Database publishing is an area of automated media production where paginated documents are dynamically assembled for the purpose of mass reproduction. The most common application is product catalog production, and another that some of us may still remember is telephone directories. Product catalogs often contain detailed product images, descriptions and pricing that are maintained and managed in a central database. Catalogs tend to be repetitive in terms of style and layout from item to item or page to page, and therefore benefit greatly from the use of templates that automate content assembly and formatting. This is especially true as the number of items and pages increases and as publishing frequency increases.
Consider the difference between producing a 20-page fashion catalog once a year versus producing a weekly grocery store sale flyer. The small fashion catalog would benefit from the use of reusable templates, but little time would be saved by automating the content collection from an external database. On the other hand, a weekly grocery flyer could be generated in a tiny fraction of the time it would take to create a new flyer every week if it were generated by a database publishing system. In the case of parts catalogs that may contain many thousands of items, database publishing is essential.
Database publishing systems are rarely a single stand-alone application. At a minimum, they are made up of a content repository, a layout and design environment and a reproduction system (printing press), with each of those systems often having several sub-systems.High-volume publishing is a production-heavy process usually involving a team of people and partners. That’s where workflow management and integration with other systems becomes crucial. Creative collaboration, approval and proofing cycles, file processing and pre-press operations are all tightly managed processes that must be coordinated to be efficient.
Database publishing is a relatively specialized area of the data-powered document world, but the systems and companies that serve this space are very well developed and highly efficient.
There are a few more categories that frequently mingle with the ones we’ve listed. We won’t go into detail about these but they’re worth mentioning:
Document Management: This type of software has roots in version control, backup,storage and retrieval. These systems can work with data-powered documents but are more typically the management of static documents.
Document Automation: This label covers some of the same territory as data-powered documents but leaves out the design, layout and interactive aspects of working with data-powered documents. It could be said that document automation is the back-end functionality of data powered document workflow.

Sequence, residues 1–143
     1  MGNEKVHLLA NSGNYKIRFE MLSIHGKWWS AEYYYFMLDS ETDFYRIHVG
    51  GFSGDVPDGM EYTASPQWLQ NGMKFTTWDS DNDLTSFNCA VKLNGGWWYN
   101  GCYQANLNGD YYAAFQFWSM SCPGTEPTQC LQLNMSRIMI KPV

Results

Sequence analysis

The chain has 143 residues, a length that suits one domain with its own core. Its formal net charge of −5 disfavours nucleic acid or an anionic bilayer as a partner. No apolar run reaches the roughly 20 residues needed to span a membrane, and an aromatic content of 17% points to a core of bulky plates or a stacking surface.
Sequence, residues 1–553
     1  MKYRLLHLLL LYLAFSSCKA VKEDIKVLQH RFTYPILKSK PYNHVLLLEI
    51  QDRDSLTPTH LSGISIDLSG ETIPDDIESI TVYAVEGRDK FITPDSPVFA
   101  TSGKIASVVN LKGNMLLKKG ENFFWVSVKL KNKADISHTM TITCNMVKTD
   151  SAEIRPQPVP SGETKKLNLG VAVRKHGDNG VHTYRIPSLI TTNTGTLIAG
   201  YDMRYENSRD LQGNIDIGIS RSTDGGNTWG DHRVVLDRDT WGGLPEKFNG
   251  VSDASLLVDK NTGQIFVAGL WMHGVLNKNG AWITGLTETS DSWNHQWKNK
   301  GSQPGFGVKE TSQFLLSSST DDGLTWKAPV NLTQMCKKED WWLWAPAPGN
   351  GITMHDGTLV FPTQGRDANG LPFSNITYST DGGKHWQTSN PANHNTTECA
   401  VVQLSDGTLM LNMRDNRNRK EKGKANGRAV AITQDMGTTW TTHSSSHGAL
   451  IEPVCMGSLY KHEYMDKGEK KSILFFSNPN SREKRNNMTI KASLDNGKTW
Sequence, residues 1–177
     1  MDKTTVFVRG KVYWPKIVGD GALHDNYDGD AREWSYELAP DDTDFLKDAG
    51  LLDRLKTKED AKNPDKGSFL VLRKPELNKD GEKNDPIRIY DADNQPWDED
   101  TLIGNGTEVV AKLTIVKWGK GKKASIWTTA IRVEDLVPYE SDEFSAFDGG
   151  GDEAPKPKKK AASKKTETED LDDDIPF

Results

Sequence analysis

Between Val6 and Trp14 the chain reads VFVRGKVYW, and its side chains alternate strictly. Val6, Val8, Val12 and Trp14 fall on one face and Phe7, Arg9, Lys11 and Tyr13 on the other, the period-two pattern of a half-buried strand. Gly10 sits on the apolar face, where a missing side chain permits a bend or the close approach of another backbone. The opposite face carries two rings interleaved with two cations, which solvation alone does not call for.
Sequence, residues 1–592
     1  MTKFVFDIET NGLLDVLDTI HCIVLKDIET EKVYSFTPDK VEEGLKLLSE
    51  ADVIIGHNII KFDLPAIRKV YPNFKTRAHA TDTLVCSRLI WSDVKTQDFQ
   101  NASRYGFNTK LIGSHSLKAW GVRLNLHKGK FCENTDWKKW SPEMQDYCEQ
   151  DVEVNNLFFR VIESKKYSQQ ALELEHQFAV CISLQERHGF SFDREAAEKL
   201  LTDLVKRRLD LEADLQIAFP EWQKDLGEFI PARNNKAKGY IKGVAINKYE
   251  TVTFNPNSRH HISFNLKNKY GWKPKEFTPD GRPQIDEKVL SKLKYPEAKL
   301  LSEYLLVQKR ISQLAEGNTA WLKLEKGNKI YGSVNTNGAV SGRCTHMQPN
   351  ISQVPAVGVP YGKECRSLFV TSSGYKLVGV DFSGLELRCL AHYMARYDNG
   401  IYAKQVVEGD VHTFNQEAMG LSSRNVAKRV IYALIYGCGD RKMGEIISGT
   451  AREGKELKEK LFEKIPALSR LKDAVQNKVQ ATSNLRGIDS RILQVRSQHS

Document Assembly: There are software companies that call their products document assembly solutions. They typically focus on dynamically assembling preexisting content elements. They also frequently include some database connectivity or mail-merge functionality and are therefore quite similar to document generation solutions. For the purpose of this paper, we’re considering document assembly a subset of document generation.
Document Creation: This label is somewhat misleading. It’s sometimes used as an alternative to document generation or document assembly but the word “creation” is too easily taken to mean a means of creation and doesn’t obviously imply the use of external data sources or automated systems.
Data Visualization – This software category is almost synonymous with BI and analytics as it emphasizes the display and interaction with data. Here we’ll consider it primarily a feature of the BI software category.
Mail-Merge – This too is more a feature than a category. It’s really a very simple example of lightly personalizing a printed or electronic document. Some sophisticated products exist for high-speed applications like bulk mailing, but we’ll consider it a subset of data-powered document production.
Web Page/Site Builder Tools – These share some of the features and characteristics of three main categories we’re discussing in this paper. The reason we’re not comparing these directly to the other three is that they are more typically classified as development tools, or in the case of CMS systems, such as Wordpress and similar products, they are narrowly focused on blog-style content.
Electronic Signature – (not to be confused with digital signatures) this is specialized functionality that applies to the signing of legal and official documents as a replacement for handwritten personal signatures. It’s possible that this feature is part of an integrated system that includes document generation, but it isn’t a core capability of the document generation category.
You may have seen some popular graphics that feature an intentionally overwhelming number of technology categories. Sirius Decisions has one that lists over 130 distinct technology categories related to Sales, Marketing and Product. Chiefmartec.com has been producing a graphic dedicated solely to the Marketing space that now contains nearly 50 categories with~ 5000 logos stuffed into these categories. Categorization is a natural mental technique that helps us recall and understand information. And it’s useful in helping to cut away some of the clutter. But it’s not a prudent way to make software buying and architecture decisions when taken at its face value. We recommend using high-level categorization to help reduce what Alvin Tofler referred to as “over choice,” but keep your options open enough to consider what really matters: